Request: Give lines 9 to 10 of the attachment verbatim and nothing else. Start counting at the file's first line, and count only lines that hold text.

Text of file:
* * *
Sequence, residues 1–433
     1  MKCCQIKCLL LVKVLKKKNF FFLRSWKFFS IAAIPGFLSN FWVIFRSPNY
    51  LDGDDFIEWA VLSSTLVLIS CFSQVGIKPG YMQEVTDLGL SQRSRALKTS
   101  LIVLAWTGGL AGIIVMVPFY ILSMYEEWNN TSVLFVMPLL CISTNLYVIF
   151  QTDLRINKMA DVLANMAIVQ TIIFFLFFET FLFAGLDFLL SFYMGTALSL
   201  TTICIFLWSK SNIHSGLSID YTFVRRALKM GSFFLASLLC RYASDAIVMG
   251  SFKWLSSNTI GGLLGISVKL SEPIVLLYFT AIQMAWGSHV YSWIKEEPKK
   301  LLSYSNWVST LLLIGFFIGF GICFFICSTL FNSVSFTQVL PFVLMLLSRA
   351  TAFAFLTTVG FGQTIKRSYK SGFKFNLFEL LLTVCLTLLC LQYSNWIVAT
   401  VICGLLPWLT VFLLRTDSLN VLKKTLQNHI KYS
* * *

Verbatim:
   351  TAFAFLTTVG FGQTIKRSYK SGFKFNLFEL LLTVCLTLLC LQYSNWIVAT
   401  VICGLLPWLT VFLLRTDSLN VLKKTLQNHI KYS